FLAG ETIQUETTE

 

HISTORY OF THE AMERICAN FLAG

The flag of the United States is a symbol of freedom before which Americans recite the pledge of allegiance. 
The flag's 13 red and white stripes represent the 13 original colonies. Its 50 white stars on a blue background represent the 50 states.
Each of the colors on the flag has a meaning:
  • Red: valor and bravery
  • White: purity and innocence
  • Blue: vigilance, perseverance, and justice
A star is added to the flag when a new state joins the United States. The flag was last modified on July 4, 1960, when Hawaii was incorporated as a state.

DISPLAY OF THE AMERICAN FLAG

Traditional guidelines call for displaying the flag in public only from sunrise to sunset. However, the flag may be displayed at all times if it’s illuminated during darkness. The flag should not be subject to weather damage, so it should not be displayed during rain, snow and wind storms unless it is an all-weather flag. It should be displayed often, but especially on national and state holidays and special occasions. The flag should be displayed on or near the main building of public institutions, schools during school days, and polling places on election days. It should be hoisted briskly and lowered ceremoniously.
  • In a group of flags displayed from staffs, the U.S. flag should be at the center and the highest point.
  • When the U.S. flag is displayed other than from a staff, it should be displayed flat, or suspended so that its folds fall free. When displayed over a street, place the union so it faces north or east, depending upon the direction of the street. 
  • When the U.S. flag is displayed from as projecting from a building, the union of the flag should be placed at the peak of the unless the flag is at half-staff. When suspended from a rope extending from the building on a pole, the flag should be hoisted out, union first from the building.
  • When flags of states, cities or organizations are flown on the same staff, the U.S. flag must be at the top (except during church services conducted at sea by Navy chaplains)
  • When carried in procession with other flags the U.S. flag should be either on the marching right (the flag’s right) or to the front and center of the flag line. When displayed on a float in a parade, the flag should be hung from a staff or suspended so it falls free. It should not be draped over a vehicle.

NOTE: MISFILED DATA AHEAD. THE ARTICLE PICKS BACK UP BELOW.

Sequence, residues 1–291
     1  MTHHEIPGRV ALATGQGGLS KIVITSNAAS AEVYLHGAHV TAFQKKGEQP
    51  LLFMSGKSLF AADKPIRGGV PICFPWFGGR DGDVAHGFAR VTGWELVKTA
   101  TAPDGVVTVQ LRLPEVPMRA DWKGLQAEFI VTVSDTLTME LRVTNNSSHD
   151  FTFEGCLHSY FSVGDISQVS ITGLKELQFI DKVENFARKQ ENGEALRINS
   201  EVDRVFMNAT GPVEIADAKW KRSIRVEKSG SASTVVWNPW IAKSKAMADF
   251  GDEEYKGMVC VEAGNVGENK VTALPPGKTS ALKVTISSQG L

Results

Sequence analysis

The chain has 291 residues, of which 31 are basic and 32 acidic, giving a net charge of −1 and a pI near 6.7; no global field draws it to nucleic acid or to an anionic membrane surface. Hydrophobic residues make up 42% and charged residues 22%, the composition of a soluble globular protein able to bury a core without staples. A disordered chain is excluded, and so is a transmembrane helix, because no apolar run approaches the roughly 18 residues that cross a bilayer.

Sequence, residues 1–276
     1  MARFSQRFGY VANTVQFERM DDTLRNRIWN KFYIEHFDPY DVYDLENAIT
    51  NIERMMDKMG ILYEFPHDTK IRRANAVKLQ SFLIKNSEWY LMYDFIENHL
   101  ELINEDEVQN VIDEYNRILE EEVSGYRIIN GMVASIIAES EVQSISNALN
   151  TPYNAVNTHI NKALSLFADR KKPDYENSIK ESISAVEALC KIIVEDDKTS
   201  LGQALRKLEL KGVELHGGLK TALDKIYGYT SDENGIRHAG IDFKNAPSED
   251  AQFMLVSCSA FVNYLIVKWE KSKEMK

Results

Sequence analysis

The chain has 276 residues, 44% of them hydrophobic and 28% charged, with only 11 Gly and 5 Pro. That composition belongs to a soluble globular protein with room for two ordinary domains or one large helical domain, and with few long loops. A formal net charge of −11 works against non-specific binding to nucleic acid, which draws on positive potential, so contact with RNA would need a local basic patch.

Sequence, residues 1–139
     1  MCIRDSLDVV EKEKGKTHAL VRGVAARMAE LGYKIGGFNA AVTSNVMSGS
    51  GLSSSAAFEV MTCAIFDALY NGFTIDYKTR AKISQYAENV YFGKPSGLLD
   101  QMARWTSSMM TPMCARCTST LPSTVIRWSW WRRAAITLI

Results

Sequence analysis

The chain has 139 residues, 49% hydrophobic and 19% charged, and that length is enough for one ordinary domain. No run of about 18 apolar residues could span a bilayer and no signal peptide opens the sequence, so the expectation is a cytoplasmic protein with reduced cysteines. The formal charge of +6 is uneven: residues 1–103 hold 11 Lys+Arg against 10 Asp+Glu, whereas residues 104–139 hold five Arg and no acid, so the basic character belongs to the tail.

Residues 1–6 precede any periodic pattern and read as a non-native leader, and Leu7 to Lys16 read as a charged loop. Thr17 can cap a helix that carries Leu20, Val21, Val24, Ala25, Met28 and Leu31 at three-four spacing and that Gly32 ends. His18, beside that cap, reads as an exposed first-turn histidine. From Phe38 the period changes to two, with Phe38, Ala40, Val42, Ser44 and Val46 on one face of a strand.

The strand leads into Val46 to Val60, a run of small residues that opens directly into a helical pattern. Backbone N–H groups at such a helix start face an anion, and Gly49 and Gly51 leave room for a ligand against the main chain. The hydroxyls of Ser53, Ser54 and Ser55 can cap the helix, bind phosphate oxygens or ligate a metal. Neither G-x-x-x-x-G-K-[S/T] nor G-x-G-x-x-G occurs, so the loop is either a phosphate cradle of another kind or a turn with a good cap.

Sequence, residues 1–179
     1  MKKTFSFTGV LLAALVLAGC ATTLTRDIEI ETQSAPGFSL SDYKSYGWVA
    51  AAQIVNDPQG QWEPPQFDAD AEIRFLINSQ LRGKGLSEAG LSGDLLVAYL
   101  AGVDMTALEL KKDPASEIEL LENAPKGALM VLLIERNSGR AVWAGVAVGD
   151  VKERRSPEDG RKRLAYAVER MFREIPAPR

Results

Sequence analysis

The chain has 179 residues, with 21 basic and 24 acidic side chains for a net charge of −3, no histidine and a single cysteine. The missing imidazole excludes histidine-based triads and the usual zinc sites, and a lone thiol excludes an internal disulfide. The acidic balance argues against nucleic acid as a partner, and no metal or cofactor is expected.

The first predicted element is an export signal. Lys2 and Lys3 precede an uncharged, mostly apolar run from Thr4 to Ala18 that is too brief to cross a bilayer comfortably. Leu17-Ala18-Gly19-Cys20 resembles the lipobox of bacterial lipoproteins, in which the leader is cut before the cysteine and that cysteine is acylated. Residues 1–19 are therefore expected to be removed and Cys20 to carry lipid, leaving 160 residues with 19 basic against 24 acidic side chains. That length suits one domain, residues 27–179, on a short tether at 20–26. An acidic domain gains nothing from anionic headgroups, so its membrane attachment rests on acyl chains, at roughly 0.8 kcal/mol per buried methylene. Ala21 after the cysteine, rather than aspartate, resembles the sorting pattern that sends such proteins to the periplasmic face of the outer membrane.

• When displayed with another flag against a wall from crossed staffs, the U.S. flag should be on its own right (left to a person facing the wall) and its staff should be in front of the other flag’s staff.
  • When the flag is used to cover a casket, the union (blue field of stars) is at the head and over the left shoulder (of the deceased). The flag should not be lowered into the grave or allowed to touch the ground.

SPECIAL RULES

  1. Do not let the flag touch the ground. 
  2. Do not fly flag upside down unless there is an emergency. 
  3. Do not carry the flag flat, or carry things in it. 
  4. Do not use the flag as clothing. 
  5. Do not store the flag where it can get dirty. 
  6. Do not use it as a cover. 
  7. Do not fasten it or tie it back. Always allow it to fall free. 
  8. Do not draw on, or otherwise mark the flag. 

FOLDING THE AMERICAN FLAG

Step 1
To properly fold the Flag, begin by holding it
waist-high with another person so that its
surface is parallel to the ground.

Step 2
Fold the lower half of the stripe section
lengthwise over the field of stars, holding the
bottom and top edges securely.

Step 3
Fold the flag again lengthwise with the blue
field on the outside.

Step 4
Make a triangular fold by bringing the striped
corner of the folded edge to meet the open
(top) edge of the flag.

Step 5
Turn the outer (end) point inward, parallel to
the open edge, to form a second triangle.

Step 6
The triangular folding is continued until the
entire length of the flag is folded in this
manner.

Step 7
When the flag is completely folded, only a
triangular blue field of stars should be visible.